Thursday 27 October 2016

FAI boss John Delaney 'must explain €5m Fifa deal to Dail committee'

FAI chief executive John Delaney kisses his partner Emma English while Sports Minister Paschal Donohoe watches the match between Ireland and England at the Aviva Stadium yesterday
FAI chief executive John Delaney kisses his partner Emma English while Sports Minister Paschal Donohoe watches the match between Ireland and England at the Aviva Stadium yesterday
FAI chief Executive John Delaney and his girlfriend Emma English in attendance at the game.
A cut out of former Fifa President Joseph S. Blatter outside the stadium before the match

EMBATTLED FAI chief John Delaney will have to explain before a Dail committee how the controversial €5m Fifa pay-out could remain undetected for so long in the FAI accounts and annual reports.

Mr Delaney is set to be hauled before a parliamentary committee hearing to explain "governance issues" arising from his acceptance of the €5m from Fifa.

Committee member and Labour TD Michael McCarthy said questions have to be asked.

READ MORE: €3.5m-a-year paid from taxpayer to Irish football since Fifa deal

"How was such a large sum of money handled and transferred and how does it relate to accounting practices generally?

"These are just some of the questions which arise and the public are entitled to answers," Mr McCarthy said.

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The payment, which came after Thierry Henry's blatant handball deprived Ireland of a possible place in the 2010 World Cup, has sparked worldwide controversy.

READ MORE:  Republic of Ireland draw little comfort in drab encounter with England

In Ireland it has put the Government under political pressure given that the FAI has received and continues to get huge taxpayer-funded payments. TDs and senators in the Oireachtas sports and tourism committee will meet on Wednesday.

READ MORE: FAI opens up on €5m pay-off and reveals extra $400k sum

Political sources have made it clear they are likely to call Mr Delaney at the earliest possible date.

Committee members say they accept that the sum involved is clearly not taxpayers' money but insist that many related issues and questions arise.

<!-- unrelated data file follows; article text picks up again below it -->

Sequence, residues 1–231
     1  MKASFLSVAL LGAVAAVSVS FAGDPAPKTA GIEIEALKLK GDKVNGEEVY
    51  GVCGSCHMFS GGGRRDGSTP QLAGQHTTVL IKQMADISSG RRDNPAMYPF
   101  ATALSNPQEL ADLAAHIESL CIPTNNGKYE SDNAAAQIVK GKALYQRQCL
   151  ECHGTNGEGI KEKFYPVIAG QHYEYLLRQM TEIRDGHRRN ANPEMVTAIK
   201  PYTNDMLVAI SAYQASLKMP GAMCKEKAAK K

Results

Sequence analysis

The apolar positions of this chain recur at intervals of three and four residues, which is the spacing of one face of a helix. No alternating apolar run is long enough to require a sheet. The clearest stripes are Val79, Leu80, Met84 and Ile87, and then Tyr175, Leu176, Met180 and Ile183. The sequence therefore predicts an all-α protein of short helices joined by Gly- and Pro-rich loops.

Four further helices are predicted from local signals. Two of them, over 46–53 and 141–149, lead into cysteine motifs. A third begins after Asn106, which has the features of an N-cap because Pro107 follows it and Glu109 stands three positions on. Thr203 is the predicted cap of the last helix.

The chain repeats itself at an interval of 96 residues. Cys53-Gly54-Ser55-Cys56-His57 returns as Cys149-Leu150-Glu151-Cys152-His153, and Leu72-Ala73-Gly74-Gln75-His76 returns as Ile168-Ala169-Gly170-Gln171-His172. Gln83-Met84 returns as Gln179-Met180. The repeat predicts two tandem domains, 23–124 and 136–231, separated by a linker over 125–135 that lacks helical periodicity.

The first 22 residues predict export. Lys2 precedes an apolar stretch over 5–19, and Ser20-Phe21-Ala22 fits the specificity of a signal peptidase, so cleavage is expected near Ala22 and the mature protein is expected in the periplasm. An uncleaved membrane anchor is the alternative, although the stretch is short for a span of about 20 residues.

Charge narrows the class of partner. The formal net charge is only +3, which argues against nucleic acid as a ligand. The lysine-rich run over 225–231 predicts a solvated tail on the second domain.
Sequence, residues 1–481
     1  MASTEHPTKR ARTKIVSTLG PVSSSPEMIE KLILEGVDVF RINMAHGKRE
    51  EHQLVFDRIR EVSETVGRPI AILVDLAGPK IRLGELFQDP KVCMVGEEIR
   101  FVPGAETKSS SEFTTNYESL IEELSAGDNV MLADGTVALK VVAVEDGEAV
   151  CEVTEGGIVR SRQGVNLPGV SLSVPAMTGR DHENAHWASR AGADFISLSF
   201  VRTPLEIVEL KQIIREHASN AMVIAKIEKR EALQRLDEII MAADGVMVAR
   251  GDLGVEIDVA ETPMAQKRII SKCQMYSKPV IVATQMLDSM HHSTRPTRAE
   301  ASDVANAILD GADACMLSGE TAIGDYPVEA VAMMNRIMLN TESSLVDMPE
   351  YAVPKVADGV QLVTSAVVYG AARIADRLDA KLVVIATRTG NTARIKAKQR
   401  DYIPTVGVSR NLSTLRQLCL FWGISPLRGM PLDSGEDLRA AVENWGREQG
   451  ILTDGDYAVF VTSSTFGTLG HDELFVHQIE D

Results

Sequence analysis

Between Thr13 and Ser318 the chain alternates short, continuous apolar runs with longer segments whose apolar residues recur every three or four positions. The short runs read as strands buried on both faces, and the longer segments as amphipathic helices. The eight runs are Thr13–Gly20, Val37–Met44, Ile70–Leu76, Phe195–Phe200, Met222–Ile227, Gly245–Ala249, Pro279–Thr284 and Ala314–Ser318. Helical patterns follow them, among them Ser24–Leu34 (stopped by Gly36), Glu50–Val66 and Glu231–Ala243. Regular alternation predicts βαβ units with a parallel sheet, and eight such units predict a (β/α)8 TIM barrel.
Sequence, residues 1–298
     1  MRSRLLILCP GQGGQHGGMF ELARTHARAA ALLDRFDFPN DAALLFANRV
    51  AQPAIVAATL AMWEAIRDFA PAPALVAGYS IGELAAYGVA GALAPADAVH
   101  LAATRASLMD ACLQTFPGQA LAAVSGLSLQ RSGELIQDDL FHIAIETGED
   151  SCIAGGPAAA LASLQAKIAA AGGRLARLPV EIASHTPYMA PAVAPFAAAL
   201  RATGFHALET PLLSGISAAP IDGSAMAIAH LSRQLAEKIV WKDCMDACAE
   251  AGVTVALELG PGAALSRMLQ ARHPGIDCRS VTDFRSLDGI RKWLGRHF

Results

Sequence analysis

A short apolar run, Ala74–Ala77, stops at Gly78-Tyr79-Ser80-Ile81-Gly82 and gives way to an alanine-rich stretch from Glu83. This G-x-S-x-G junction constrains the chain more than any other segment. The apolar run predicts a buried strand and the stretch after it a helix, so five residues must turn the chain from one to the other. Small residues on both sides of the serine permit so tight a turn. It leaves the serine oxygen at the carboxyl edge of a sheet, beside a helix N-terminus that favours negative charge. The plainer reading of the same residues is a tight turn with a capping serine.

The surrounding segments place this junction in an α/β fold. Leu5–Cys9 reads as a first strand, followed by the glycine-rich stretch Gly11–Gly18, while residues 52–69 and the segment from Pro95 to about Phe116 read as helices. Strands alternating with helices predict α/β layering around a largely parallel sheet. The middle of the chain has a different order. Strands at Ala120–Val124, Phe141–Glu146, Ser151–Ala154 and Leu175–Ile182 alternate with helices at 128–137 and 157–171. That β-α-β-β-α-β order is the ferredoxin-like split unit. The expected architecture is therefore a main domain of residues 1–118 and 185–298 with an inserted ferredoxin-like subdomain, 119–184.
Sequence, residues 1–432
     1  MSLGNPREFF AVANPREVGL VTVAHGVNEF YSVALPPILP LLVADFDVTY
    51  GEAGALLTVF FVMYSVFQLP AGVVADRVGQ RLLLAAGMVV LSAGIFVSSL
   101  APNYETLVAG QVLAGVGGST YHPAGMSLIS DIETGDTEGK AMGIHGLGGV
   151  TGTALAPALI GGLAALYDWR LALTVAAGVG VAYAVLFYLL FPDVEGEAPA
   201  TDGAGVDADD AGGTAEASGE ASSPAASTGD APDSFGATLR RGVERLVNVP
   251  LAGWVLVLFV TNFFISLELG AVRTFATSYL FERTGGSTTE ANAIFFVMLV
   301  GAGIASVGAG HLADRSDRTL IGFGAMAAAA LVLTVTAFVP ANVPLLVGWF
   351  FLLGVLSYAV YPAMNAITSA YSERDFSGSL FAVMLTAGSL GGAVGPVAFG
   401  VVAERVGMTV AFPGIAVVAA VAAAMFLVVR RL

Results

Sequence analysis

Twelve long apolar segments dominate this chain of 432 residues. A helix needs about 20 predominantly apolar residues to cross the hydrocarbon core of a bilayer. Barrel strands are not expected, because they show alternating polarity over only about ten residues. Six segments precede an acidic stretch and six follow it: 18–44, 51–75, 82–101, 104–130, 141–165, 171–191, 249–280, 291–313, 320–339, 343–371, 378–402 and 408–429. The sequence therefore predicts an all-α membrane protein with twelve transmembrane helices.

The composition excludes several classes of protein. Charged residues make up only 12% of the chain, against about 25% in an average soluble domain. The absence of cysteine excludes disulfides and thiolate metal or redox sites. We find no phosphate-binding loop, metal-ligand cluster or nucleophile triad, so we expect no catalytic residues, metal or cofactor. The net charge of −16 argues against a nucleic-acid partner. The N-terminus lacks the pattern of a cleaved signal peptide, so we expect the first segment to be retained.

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The committee chairman, Fine Gael TD John O'Mahony, who has had a long sporting involvement managing GAA inter-county teams, said the decision on whether to call Mr Delaney was entirely up to the members.

"But there are governance issues arising here and the FAI does receive taxpayers' funds. This will all be considered by the committee members," Mr O'Mahony said.

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Michael McCarthy said members had to take account of the depth of Irish football supporters' disappointment in 2009.

"The arrival of €5m into the FAI coffers in 2010, a time of nationwide financial distress, appears to have gone unremarked. That is why I believe the FAI should provide the committee with the answers it needs," Mr McCarthy added.

So far, the FAI have said the money was paid over in January 2010 and first accounted for in the association's audited statements.


It was then paid over to the company managing the Aviva Stadium in February and March 2010 to repay some debts. A portion of the money was also used to fund FAI regional grants.

It had originally been styled as a Fifa loan which was later written off in 2013. The Oireachtas sports and tourism committee has already heard from the GAA on the controversy surrounding the cancelled concerts of country music star Garth Brooks and the decision to give some championship rights to Sky television.

The controversy comes at a tricky time for the Government as they grapple with a row over the management of the IBRC bank and an election is expected before early April of next year at latest.

The Fifa pay-out has split opinions. Keith Andrews, who played in 2009, said it did not sit well with him.

"If you are asking me, personally, if I would have taken a penny from them, absolutely not," he said on Friday.

"Do I blame them from going and try to undo the injustice we suffered that night, no absolutely not. But to take the money off them, for me personally, was wrong."

However, former Irish striker John Aldridge said Delaney "pulled off a master stroke".

"Ireland were out of the World Cup and we were getting no compensation for what that meant," he said. "So when Delaney and the FAI were offered this cash, they would have been mad not to take it."


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